For a primary day in New Hampshire, a state with politics woven into the very fabric of our fleece pullovers, it feels awfully quiet. Too quiet. Granted, I live in a blue nook of a purple state, and the primary of real interest to most voters is Republican. But N.H.'s very open system allows any voter to vote in any primary: You can literally walk in, declare yourself to be a Republican, vote, and fill out another form on the way out, reinstating your Independent status (42 percent of us) or returning yourself to the Democratic fold (29 percent, with a statistically insignificant advantage of about 1,600 voters over the registered Republicans). It's a method that could allow us to approach an election style that some have proposed to eliminate the party system, in which a single primary would lead to a run-off between some number of top candidates, regardless of party, if only we used it right.
But although I've known declared members of both parties to use the primary to try to game the system (voting for the candidate they believe is least likely to win in November), few take advantage of the real opportunity to vote for the candidate in any contested primary that they truly prefer-the lesser of all evils, if you want to put it that way, or the best in the field. And that is what anyone who cares about the result of the Senate race here should be doing today. But the best estimate is that only 25 percent of registered voters will turn out. That's decent, even heavy, for a primary in a nonpresidential year, but it shows that most independents and Democrats are going to miss an opportunity to make our voices heard.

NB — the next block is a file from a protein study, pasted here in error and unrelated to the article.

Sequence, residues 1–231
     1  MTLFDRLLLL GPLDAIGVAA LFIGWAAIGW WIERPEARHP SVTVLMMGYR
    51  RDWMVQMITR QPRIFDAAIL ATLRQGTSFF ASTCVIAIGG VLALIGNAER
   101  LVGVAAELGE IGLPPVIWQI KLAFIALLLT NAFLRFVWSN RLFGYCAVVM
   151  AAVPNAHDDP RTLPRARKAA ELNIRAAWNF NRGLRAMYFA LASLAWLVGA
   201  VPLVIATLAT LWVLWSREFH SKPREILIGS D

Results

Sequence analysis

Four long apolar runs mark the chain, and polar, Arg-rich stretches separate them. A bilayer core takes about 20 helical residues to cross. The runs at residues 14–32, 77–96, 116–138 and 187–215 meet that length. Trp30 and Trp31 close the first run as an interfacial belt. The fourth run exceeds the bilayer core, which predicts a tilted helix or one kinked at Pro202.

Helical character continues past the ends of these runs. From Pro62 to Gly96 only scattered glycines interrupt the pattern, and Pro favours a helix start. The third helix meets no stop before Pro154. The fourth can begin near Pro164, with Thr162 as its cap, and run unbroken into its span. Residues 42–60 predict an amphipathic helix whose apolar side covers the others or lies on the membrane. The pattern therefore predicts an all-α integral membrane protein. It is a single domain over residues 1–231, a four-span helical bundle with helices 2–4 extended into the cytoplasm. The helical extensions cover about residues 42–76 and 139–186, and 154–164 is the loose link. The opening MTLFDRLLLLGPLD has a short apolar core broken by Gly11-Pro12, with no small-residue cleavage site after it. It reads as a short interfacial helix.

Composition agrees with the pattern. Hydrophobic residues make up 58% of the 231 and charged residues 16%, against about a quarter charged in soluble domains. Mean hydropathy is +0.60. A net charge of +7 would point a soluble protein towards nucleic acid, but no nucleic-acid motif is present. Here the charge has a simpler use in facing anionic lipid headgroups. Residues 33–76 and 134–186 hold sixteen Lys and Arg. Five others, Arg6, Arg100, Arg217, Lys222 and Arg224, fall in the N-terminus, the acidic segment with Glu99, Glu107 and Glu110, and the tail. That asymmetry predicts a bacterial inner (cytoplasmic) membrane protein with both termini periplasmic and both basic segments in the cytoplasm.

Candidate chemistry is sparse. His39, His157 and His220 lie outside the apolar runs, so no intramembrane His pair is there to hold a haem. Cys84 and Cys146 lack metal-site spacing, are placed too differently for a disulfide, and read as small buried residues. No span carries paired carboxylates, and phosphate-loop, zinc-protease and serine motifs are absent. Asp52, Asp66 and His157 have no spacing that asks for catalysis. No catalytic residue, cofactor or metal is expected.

The mood in New Hampshire is less angry than in much of the country; our job losses have been low and our economic suffering relatively mild, but the independents who fell so hard for Obama in 2008 are disenchanted with a Democratic majority, and Democrat Paul Hodes faces a tough race against any of the Republican contenders, and there are significant differences among the top three. "Mama Grizzly" Kelly Ayotte, the Republican establishment candidate, leads in the polls. She's socially more moderate than your average Palin bear in that she would permit abortion in limited circumstances and favors some controls on guns, independent enough to have said she would have supported Sotomayor's appointment to the Supreme Court (but not Kagan's), and on fiscal issues she's likely to stand with the conservative wing of her party. Her opponent Ovid Lamontagne, who's been polling strongly of late, is an absolute social conservative of the Pat Robertson mold and as fiscally conservative as they come. Lamontagne is expected to bring out the extreme pro-life vote. Bill Binnie, polling third, is an independent-minded businessman, pro-choice, and fiscally conservative with a reputation for vindictiveness; and Jim Bender is the most libertarian of the four, favoring small government and less intrusion on both social and fiscal questions. The choice is ours to make, but if independent and Democrat voters and the less faithful Republicans don't make it today, then (as so often happens) the most hard-core of the right side may very well end up choosing New Hampshire's next senator. With our system, there's no excuse for letting that happen. Any New Hampshire resident who fails to vote today and ends up dissatisfied on Nov. 3 has only herself to blame.
Photograph of Kelly Ayotte via Ayotteforsenate.com .